Argonaut, U.S. Submarine

Photograph of Argonaut

Naval Historical Center #NH 61687



2710 tons standard displacement
4164 tons submerged


381' by 33'10" by 15'4"
116.13m by 10.31m by 4.67m

Maximum speed      

15 knots surfaced
7.4 knots submerged
to 300' (90m)




4 21" bow torpedo tubes (12 torpedoes)
2 6"/53 guns
2 machine guns
2 40" (102cm) stern minelaying tubes (60 Mark XI mines)
2-shaft diesel (2800 bhp) or electric (2200 hp)


546 tons diesel fuel


18,000 nautical miles (33,000 km) at 10 knots surfaced
50 nautical miles (90 km) at 5 knots submerged
JK and QCD-1 sonar
Refitted in early 1942 with improved engines, fire control, air condition, and two exterior stern torpedo tubes with reloads.

Minelaying gear was removed in mid-1942 to make room for the Makin raiding party. The mine stowage and handling compartment was fitted with accommodations for about 120 men and the boat was reclasified as an APS, transport submarine.

The Argonaut was completed in 1928 as part of the V program, and was originally designated as V-4. She was a specialized minelaying submarine, the only such ever constructed by the U.S. Navy. She was very large, in order to increase her reserve buoyancy, and therefore unusually habitable for a submarine. She cost an astounding (for that time) $6,150,000 to complete. Her minelaying gear was highly complex and sophisticated, with mechanisms to automatically flood special trim tanks to keep the submarine on an even keel as each mine was released. However, the minelaying gear was difficult to operate, and she was slow and not very maneuverable and took seemingly forever to dive.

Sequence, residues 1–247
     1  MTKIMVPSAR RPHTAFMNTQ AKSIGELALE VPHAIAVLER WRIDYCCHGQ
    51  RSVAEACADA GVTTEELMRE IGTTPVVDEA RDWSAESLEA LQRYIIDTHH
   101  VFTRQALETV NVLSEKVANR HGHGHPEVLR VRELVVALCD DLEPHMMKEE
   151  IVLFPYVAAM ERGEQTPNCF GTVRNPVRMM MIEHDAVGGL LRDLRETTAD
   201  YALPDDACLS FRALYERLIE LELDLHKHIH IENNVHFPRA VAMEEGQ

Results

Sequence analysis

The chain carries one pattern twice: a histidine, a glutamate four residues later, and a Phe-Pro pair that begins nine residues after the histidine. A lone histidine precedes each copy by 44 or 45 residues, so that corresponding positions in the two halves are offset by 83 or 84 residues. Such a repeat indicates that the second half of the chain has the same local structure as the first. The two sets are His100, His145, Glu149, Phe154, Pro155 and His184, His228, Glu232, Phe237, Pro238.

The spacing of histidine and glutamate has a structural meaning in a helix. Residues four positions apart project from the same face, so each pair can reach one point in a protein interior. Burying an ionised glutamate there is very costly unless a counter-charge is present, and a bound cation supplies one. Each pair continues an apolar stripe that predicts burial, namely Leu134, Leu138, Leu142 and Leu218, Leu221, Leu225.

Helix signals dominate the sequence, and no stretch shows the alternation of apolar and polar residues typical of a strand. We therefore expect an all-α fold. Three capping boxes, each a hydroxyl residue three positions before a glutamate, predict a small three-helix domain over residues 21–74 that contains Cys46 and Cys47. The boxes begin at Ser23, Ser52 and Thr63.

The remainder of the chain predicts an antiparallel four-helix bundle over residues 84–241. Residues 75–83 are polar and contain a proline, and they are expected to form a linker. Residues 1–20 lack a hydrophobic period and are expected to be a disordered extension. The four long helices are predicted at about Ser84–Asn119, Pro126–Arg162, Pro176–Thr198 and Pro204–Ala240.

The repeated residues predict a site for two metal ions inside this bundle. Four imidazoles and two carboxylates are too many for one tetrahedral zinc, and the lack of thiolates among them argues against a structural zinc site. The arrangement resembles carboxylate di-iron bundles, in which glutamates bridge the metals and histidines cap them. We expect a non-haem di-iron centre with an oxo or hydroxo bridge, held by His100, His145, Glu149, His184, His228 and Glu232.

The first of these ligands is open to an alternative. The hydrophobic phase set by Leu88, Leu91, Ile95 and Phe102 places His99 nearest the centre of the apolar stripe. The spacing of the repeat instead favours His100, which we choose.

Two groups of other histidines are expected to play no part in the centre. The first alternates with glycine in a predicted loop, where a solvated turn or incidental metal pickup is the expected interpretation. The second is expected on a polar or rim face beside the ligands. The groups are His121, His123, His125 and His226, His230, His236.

Argonaut was off  Wake on 7 December 1941. Following her refit in early 1942, she was hastily modified at Pearl Harbor to carry part of the Makin raiding force. She thus became not only the only U.S. submarine ever classified as a minelaying submarine, but also the only U.S. submarine every officially classified as a transport submarine. (Other submarines assigned to transport duty were never officially classified as transports.)

She was lost off New Britain on 10 January 1943 to a depth charge attack that was witnessed by American aircraft. Fife's decision to send this clumsy and ancient vessel on a war patrol remains controversial.


Alden (1979)

Blair (1975)


Friedman (1995)

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